“The evidence proffered to support craniosacral therapy is primarily anecdotal in nature, often taking the form of customer testimonials or case studies put forward by craniosacral practitioners. The mechanism by which CST practitioners claim they can detect the rhythms of cerebrospinal fluid and by which they claim to influence the body into healing itself are biologically implausible. To date, no robust evidence has been produced that would validate these claimed mechanisms. Because of this and because there is no good evidence that CST is effective for any condition, it seems likely that any effect perceived by those visiting a CST practitioner is due to placebo.” The Nightingale Collaboration (2011)
“Of all the conditions that Cranial Osteopaths claim to treat, infantile colic is perhaps one of the most common…So here is a clear statement that there is insufficient evidence to recommend cranial osteopathy (or other manual therapies) for management of colic. It is important to note that these conclusions do not simply relate to the level of evidence required by the [UK] ASA/CAP codes when advertising or making website claims, but to the level of evidence available to justify offering osteopathy as a treatment for colic.” Skeptic Barista blogspot (17th May 2011)
“Craniosacral therapy (CST) is based on utterly implausible ideas: tiny rhythmic motions of the cranial and other bones are supposed to adversely influence our health…there is no real likelihood that an unbiased, negative result will change anything.” Pulse (10th March 2011) [Free registration]
"...the CSTA [CranioSacral Therapy Association of the UK] say that it is possible CST could work, because there is no evidence to show that it doesn’t!
During a conversation with the ASA [Advertising Standards Authority] it was mentioned that they were expecting to hear from the CSTA’s solicitors. The [ASA's] adjudication says that the CSTA maintain that the wording they used was not proscribed by law. They said that in the strictest terms of contractual law, their leaflet merely advised readers on the potential of their services. Well if the evidence isn’t there to support your claims, I suppose you may as well look for a legal get out clause. But in doing that they are forgetting that treatment claims should be based on the best research evidence available, not try hiding behind contractual law…
This all started with a leaflet picked up in a local health food store, the title of that leaflet was What Is Craniosacral Therapy? Based on the contents of that leaflet, the CSTA’s evidence and their spirited defence, the ASA’s answer was ….. Unsubstantiated, Untruthful, and Misleading." SkepticBarista blog (7th September 2010)
"One often overlooked, but I feel important area, is the actual training of the therapists. This is particularly important when the therapist is claiming to be able to treat serious medical conditions… somehow CST therapists claim to be able to effectively diagnose and treat many of the same medical conditions [as MDs]. Within the NHS treatment of these conditions can require the attention of doctors who have undergone specialist training to allow them to deal effectively with what are often complex medical conditions. You simply cannot spend a few days a year, learning unproven therapy techniques and claim to have the knowledge required to offer these treatments." SkepticBarista blog (29th August 2010)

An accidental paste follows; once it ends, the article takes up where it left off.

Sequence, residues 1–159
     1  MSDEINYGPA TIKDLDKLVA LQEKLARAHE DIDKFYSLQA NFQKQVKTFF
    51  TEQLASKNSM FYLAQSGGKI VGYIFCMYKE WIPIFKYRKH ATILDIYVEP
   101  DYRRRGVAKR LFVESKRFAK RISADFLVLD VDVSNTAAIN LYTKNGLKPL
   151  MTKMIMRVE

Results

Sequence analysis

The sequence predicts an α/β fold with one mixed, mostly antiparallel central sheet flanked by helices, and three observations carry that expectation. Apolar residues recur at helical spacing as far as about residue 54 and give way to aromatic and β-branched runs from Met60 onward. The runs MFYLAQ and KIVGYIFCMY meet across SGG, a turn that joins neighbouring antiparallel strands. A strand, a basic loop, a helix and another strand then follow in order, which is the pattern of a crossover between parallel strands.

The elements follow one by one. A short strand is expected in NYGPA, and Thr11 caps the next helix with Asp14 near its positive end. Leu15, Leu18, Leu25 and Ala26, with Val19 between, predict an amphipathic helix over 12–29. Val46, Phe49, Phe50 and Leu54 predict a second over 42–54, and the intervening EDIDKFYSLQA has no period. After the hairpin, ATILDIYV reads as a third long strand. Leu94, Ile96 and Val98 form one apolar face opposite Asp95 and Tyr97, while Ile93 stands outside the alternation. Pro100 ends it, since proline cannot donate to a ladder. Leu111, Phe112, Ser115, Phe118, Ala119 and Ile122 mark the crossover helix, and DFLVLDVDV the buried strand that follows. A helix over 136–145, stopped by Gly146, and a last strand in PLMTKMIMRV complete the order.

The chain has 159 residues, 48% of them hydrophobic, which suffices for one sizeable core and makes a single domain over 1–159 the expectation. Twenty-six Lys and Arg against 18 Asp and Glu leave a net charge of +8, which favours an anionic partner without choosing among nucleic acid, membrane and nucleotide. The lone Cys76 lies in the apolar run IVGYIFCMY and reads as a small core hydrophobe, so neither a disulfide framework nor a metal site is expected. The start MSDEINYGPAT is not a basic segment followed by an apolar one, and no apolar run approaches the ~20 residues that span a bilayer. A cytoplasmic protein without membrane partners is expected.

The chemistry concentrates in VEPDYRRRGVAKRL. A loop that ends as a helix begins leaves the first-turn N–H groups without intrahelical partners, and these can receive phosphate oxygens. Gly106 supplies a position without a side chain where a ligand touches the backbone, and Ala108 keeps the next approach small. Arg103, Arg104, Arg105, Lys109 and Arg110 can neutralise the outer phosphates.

“In spite of the biological implausibility of craniosacral therapy, it has been studied. Not surprisingly, no study has concluded craniosacral therapy is efficacious for any disease or condition, or even that the proposed cranial system exists in the first place.” Campaign for Science Based Healthcare (2009)
“…having had a quick look at craniosacral therapy, what it is, what it claims to treat and the evidence to support those claims, has my opinion about it being quackery changed? Yes, it’s not just quackery, it’s potentially dangerous quackery that needs to be challenged” SkepticBarista blog (9th May 2010)
Update on the link below about a formerly healthy, three-month-old girl, who died in the Netherlands after manipulation of the neck and the vertebral column (called “holding”) by a craniosacral therapist. The case was investigated by the Netherlands Health Care Inspectorate and the Public Prosecutors Office. The Inspectorate decided not to press charges against the craniosacral therapist when he promised never to apply this treatment again. The Dutch Public Prosecutors Office is still investigating the case and may yet decide to prosecute. Anaximperator Blog (17th January 2010)
Findings suggest that the proposed mechanism for cranial osteopathy is invalid. The Scientific Review of Alternative Medicine (Winter 2002) [pdf]
"Several papers have been published on the alleged mechanisms of cranial manipulation, but fail to answer the important consumer health questions of safety and efficacy." William T. Jarvis, Ph.D., National Council Against Health Fraud (NCAHF 2001)
"This treatment regime lacks a biologically plausible mechanism, shows no diagnostic reliability, and offers little hope that any direct clinical effect will ever be shown… Until outcome studies show that these techniques produce a direct and positive clinical effect, they should be dropped from all academic curricula; insurance companies should stop paying for them; and patients should invest their time, money, and health elsewhere." Steve E. Hartman, Dept. of Anatomy, College of Osteopathic Medicine, University of New England (Chiropractic & Osteopathy, 8th June 2006)